One week after #likeminds

Last friday i attended the inaugral likeminds event in Exeter, where i was also a a panel speaker. It was full of very interesting people and the event itself demonstrated the power and potential of social media tools to bring people together to talk about a common purpose, in this case it was “Social Media ROI”. There were about 200 people who attended and over 560 who watched it live on the internet.

During friday and over the last week the conversation has continued at such a rate on twitter that it got me thinking about the event itself again and has driven me to write this post about. What is quite amazing is the amount of conversation this event generated check out the website for what other people are saying.

On the whole it was a fascinating experience to be part of such a ground breaking event in the South West and in particular for Exeter. Most of the time i hear about or follow innovative events that are happening in London or Birmingham to be honest everywhere else BUT Exeter. So for me on that front it was such a good change not to travel a whole day to get to something and i could still be home in time to read my kids a story at bedtime.

It was great to hear from speakers who had travelled all the way across the pond and then down to good old Devon to speak about Social Media.  Speakers and panelists included:

Trey Pennington, Olivier Blanchard, Daren Forsyth and Maz Nadjm, who were all sharing invaluable experiences and insights. Plus the panelists who were Andrew Davies, Vanessa Warwick, Laura Whitehead, James Barisic, Rick Waghorn, and Matt Waring. A special mention also needs to go to Nick Tadd, who not only took the prize for “coolest person on the day” but who also featured alot in the live twitterfall for having the best haircut. I was even surprised that my shirt was even mentioned on the twitterfall, perhaps a future sponsorship deal could be negotiated for space on my shirt – or perhaps not!!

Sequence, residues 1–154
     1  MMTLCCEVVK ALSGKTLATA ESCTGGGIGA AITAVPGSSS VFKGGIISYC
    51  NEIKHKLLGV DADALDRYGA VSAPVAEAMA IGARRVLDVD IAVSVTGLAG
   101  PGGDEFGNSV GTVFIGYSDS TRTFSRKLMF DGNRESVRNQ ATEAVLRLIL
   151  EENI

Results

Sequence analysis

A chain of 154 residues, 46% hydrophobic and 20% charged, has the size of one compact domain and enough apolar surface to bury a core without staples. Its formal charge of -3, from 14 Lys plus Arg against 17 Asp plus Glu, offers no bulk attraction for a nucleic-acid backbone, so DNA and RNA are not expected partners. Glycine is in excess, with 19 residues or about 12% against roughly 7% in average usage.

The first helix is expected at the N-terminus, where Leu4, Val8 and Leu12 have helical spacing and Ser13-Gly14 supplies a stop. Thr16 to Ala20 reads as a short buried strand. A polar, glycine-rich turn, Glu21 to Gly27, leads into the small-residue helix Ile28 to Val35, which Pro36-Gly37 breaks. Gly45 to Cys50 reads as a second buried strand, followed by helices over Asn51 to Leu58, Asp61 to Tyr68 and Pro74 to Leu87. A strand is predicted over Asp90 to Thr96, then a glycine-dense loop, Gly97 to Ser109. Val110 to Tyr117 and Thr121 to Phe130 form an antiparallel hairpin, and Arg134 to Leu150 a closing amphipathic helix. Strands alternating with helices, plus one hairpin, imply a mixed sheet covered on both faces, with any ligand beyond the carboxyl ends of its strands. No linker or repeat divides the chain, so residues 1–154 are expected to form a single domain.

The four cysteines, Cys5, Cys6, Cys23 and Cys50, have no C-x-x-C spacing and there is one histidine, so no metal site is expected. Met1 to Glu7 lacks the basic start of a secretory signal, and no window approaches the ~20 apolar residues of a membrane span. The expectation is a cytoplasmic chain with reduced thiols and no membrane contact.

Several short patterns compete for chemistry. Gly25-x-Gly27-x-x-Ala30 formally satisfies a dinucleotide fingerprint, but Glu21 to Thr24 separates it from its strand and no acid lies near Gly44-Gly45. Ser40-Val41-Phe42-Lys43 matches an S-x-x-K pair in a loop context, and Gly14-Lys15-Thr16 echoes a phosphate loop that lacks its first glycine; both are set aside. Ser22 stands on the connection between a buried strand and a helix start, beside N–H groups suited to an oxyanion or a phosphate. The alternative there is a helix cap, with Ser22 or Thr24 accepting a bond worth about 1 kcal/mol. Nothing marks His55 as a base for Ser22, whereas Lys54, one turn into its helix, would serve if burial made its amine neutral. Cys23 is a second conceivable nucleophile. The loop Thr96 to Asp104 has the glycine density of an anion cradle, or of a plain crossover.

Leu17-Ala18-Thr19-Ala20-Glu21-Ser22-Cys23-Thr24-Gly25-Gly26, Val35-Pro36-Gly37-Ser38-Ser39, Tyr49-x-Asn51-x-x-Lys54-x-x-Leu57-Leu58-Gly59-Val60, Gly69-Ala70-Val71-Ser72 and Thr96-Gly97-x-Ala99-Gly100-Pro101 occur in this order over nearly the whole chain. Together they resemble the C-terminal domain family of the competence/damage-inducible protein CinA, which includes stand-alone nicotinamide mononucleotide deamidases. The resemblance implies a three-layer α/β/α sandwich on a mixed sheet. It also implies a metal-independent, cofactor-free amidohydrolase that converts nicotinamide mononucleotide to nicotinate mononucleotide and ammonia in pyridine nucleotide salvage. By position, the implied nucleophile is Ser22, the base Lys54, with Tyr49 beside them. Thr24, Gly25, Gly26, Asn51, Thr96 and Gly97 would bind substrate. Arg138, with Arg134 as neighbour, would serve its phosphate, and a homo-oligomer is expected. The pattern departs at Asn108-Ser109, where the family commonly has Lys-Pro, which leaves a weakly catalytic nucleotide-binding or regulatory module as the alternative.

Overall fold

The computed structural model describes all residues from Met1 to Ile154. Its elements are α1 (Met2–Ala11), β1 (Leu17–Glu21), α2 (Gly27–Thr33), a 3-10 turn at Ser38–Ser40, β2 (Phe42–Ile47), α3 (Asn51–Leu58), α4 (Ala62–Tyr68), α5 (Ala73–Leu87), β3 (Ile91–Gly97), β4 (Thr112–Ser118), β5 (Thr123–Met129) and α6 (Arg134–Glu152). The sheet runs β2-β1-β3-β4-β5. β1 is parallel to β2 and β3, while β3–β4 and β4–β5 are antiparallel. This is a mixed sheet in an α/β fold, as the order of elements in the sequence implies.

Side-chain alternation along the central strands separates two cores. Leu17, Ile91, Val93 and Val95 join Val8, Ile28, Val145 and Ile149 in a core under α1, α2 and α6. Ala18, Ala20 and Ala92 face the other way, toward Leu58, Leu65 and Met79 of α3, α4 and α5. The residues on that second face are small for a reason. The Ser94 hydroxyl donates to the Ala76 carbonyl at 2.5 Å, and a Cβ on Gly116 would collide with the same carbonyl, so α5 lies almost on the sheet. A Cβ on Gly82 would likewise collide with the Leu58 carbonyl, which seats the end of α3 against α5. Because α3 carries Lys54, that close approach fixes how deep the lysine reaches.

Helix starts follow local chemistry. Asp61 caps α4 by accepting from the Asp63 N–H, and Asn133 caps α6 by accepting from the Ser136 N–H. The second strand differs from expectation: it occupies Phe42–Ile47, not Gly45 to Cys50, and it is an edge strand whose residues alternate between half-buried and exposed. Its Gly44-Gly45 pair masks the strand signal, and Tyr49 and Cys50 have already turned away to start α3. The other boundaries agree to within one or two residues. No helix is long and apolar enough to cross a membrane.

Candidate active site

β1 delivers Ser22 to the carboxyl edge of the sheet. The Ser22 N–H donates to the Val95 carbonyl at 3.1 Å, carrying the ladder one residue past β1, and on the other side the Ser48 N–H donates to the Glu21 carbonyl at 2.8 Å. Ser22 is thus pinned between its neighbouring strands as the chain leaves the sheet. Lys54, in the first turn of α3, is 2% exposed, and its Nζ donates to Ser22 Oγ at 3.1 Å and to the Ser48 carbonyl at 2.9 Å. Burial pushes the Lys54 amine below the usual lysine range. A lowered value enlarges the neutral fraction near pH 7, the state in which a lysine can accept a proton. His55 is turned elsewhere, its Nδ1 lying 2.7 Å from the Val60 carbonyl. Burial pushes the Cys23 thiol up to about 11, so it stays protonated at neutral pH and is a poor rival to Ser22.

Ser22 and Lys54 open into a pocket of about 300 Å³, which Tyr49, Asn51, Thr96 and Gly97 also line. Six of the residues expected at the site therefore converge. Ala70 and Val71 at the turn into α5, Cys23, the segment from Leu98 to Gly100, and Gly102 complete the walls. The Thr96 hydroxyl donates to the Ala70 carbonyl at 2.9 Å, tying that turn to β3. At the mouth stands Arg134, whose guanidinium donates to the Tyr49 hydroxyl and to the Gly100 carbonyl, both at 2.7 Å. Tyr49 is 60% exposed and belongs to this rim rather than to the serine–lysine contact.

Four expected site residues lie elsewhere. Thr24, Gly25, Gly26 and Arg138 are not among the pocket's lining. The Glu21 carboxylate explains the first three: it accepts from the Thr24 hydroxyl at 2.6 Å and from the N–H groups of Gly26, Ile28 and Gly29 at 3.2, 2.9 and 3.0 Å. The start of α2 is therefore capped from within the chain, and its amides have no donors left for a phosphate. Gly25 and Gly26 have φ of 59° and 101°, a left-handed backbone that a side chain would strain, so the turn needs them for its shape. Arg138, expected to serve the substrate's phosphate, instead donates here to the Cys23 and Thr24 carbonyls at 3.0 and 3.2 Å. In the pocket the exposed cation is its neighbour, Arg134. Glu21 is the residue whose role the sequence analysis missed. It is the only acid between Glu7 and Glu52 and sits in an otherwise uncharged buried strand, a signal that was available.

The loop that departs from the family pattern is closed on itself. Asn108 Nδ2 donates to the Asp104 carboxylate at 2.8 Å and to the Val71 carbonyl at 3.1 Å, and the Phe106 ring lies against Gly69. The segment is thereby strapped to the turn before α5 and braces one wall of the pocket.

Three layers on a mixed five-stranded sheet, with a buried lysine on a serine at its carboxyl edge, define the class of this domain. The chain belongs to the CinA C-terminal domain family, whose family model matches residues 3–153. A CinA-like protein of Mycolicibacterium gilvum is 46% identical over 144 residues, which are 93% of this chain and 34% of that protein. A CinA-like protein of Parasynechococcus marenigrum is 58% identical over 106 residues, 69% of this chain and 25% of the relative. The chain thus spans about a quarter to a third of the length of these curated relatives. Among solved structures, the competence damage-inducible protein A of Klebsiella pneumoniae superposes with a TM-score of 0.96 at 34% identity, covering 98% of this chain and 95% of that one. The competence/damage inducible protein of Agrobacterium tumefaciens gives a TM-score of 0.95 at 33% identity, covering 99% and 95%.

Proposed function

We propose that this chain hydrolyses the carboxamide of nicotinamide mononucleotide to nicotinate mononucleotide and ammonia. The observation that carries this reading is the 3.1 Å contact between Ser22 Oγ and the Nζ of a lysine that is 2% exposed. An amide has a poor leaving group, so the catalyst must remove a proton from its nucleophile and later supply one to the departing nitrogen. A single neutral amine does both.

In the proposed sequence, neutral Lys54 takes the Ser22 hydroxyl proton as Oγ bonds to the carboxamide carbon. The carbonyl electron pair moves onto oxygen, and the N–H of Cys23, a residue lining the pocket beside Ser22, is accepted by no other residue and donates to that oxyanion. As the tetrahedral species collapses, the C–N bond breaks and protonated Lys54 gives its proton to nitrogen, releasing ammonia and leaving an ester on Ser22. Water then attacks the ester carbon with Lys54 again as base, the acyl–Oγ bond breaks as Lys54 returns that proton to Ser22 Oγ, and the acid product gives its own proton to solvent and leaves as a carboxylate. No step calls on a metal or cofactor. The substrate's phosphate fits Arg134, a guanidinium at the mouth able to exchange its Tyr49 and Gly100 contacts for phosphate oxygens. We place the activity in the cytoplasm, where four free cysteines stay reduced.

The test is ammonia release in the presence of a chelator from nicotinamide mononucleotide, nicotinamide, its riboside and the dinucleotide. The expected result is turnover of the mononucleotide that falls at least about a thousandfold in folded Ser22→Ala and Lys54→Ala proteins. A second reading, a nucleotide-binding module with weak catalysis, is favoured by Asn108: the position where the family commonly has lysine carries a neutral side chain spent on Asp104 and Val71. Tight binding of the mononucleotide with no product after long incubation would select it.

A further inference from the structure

So what did i get from the day other than meeting great people, some i had never met in any sense of the word, offline or online and some who previously were only ever twitter id’s and only ever shared 140 characters or less of insights and advice on a range of topics not just social media. It was certainly refreshing to have a more free-flowing conversation with real people. For that alone the event rates highly for me.

Now a week on and i start to think more about what value i got personally i start to think more about the next event and how that could be better, bigger, more contextual, more practical, more engaging for attendees. To be honest a bit more “unconference” or “barcamp” like. But that is only my opinion.

During the event there were some interesting views and comments about the event failing to deliver what it promised which was to demonstrate the ROI on social media. I thought this was answered by the very first speaker Trey Pennington, his answer was quite simple “it depends” on what you want to get out of it, what outcomes you are driving. BUT even more i thought some people left with a sour taste in their mouths about the event and for that i think the next one should try and address the self learning and personal responsibility aspect that a “barcamp” for example gives to the attendee.

So it would be great to have a longer day, more sessions, practical learning from people as well as the “keynote” slots which are always valuable and thought-provoking.

We all actually know quite a bit about social media now – the gap for most if not all of us is how can people actually use it. I think the people who attended were interested more in the examples of where, how and what impact it had and was the reason behind some of the negative comments.

On reflection i think we should have had a final slot on the event itself, which was a perfect testimony for social media ROI – Scott Gould posted on how the event took shape and how those who attended which included me all proved social media works – this post could have been a great ending to the event. But would it have been possible to write this before the event. Or even during?

One last thought – We should stop focusing on the tools and technologies that are easy to get stuck into and start to focus on what matters which is relationships, conversations and people. After all without that where would anyone be?

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